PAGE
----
Egypt does not stand out as a credible mediator in the Libyan civil war, and its action has consequences at regional level: actors such as Algeria and Morocco insist on keeping on the diplomatic track, criticizing their neighbour Egypt for impeding an inclusive political dialogue between the conflict parties. Moreover, diverging policy conceptions with regard to the role of political Islam, as well as regional foreign policy competition, are elements of general tension with Qatar.
As both Egyptian and Libyan histories suggest, moving towards an imposed stability in the face of post-revolutionary instability becomes a Faustian choice, if not accompanied by the establishment of empowered legislative and judicial institutions (The Soufan Group, 2015): with no centralized enforcement of the rule of law, criminality and warlordism will continue to flourish, like it happened in States like Afghanistan, Yemen, Iraq and Syria, where the main benefactors of the state’s collapse have been violent extremist groups, first and foremost Daesh. Since international action in the country in 2011, however certainly set out with good intentions, precipitated in the upheaval, a more efficient action and a new approach towards Libya is certainly needed, while Egypt’s security-focused stance should be discouraged.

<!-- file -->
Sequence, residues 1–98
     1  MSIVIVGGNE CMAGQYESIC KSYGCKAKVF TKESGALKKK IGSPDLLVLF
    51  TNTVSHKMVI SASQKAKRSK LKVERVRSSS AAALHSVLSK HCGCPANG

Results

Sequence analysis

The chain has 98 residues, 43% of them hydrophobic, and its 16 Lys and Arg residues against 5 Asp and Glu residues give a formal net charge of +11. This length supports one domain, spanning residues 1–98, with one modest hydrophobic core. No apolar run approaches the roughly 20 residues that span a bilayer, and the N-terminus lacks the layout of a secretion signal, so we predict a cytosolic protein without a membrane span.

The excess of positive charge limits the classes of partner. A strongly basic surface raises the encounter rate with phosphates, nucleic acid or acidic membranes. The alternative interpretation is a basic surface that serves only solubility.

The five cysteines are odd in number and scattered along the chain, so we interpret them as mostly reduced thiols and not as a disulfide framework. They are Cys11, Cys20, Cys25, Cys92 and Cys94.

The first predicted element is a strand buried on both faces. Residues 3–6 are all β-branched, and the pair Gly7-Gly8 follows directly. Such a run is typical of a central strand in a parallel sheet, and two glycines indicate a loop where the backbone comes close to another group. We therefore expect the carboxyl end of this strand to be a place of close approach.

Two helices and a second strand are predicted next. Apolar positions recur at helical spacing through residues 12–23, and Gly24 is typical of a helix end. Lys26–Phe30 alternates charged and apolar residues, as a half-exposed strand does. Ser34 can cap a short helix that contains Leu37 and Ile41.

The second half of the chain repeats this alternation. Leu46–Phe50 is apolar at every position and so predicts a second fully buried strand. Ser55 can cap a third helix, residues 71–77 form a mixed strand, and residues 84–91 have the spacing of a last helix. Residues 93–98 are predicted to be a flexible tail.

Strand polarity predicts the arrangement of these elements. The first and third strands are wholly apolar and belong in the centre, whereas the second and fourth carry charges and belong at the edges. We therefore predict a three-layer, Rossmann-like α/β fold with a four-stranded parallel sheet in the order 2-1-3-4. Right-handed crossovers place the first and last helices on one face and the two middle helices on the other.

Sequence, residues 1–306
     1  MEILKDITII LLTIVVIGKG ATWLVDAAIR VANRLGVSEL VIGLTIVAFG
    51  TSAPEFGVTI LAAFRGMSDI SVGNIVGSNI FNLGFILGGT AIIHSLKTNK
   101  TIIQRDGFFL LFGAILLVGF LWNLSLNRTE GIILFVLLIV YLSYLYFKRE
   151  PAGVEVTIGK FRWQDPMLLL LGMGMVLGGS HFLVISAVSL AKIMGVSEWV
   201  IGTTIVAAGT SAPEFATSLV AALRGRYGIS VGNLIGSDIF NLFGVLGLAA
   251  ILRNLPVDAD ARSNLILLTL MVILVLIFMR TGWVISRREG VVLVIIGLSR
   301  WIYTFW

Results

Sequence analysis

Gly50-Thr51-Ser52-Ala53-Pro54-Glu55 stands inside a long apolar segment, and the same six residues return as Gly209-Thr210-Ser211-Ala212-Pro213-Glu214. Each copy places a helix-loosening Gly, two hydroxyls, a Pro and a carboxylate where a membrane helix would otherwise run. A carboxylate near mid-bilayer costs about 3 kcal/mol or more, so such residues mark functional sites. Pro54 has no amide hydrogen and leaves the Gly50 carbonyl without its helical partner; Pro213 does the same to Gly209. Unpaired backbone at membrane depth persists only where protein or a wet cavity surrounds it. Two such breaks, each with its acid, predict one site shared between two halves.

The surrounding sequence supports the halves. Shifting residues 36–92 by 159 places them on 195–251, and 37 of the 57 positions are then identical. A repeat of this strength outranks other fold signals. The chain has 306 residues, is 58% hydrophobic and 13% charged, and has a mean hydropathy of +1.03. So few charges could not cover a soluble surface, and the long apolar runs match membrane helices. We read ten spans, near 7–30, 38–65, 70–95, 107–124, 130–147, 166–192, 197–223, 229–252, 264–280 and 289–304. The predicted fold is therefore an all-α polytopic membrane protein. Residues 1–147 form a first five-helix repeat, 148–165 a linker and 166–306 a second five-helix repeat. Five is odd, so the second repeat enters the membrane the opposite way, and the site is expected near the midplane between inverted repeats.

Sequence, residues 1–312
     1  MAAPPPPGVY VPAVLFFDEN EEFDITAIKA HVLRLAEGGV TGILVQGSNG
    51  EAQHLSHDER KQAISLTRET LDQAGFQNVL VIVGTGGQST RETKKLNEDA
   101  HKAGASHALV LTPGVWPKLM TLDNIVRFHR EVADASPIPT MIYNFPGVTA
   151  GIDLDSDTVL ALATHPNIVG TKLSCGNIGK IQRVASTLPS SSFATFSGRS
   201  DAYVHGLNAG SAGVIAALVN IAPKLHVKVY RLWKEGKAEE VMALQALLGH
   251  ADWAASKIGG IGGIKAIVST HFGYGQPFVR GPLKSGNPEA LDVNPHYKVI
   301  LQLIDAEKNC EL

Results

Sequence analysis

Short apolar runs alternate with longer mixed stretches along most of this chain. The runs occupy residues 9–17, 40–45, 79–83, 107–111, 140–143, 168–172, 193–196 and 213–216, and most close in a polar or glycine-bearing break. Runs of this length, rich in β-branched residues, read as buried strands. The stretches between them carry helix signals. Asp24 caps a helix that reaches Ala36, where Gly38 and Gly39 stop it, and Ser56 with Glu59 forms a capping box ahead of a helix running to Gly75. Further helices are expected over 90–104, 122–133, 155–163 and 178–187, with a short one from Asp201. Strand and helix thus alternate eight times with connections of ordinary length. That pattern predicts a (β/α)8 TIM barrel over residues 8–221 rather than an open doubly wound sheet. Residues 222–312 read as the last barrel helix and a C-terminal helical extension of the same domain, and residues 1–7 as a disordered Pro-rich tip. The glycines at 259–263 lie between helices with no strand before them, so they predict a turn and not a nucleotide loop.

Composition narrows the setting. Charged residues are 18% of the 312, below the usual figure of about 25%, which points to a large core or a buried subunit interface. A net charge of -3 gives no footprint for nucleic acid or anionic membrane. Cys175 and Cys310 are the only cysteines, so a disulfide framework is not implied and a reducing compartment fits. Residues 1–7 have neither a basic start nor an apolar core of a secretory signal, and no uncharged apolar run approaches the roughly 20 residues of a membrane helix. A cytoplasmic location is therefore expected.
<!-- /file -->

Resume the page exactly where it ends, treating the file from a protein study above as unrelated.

Msc Candidate in International Politics,
School of Oriental and African Studies, University of London
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1Power and territory in Libya are currently disputed between two legislative military backed governments, both enjoying of international recognition: the New General National Congress, based in Tripoli and backed by the armed groups of the Libya Dawn Coalition and the House of Representatives (HoR), based on Tobruk and supported by the General Haftar army and his allies (see the ICCT Research Paper, 2015).
4The chronological order for implementation of the three pillars of R2P is: 1) international preventive action (diplomacy and mediation); 2) assistance to states in fulfilling this responsibility through non-coercitive and coercitive means; 3) military intervention, if necessary.